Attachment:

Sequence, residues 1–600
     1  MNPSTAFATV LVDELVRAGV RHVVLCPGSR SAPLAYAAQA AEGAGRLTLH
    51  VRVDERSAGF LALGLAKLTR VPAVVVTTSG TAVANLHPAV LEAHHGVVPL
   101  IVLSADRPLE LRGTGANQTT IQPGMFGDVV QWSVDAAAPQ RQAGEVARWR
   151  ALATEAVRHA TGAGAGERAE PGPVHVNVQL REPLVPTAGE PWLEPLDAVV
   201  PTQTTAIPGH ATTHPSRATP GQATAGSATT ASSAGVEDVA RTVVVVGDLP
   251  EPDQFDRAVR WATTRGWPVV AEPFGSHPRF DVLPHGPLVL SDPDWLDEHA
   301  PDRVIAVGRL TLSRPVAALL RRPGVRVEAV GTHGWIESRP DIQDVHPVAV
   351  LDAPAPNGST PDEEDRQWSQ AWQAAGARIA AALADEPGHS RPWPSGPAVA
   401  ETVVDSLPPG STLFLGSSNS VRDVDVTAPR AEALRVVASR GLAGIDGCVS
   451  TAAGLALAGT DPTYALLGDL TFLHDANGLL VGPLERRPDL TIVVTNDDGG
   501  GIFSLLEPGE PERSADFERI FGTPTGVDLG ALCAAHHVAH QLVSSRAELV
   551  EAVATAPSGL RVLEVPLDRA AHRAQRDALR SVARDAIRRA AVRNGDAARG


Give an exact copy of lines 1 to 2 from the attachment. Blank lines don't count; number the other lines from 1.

Sequence, residues 1–600
     1  MNPSTAFATV LVDELVRAGV RHVVLCPGSR SAPLAYAAQA AEGAGRLTLH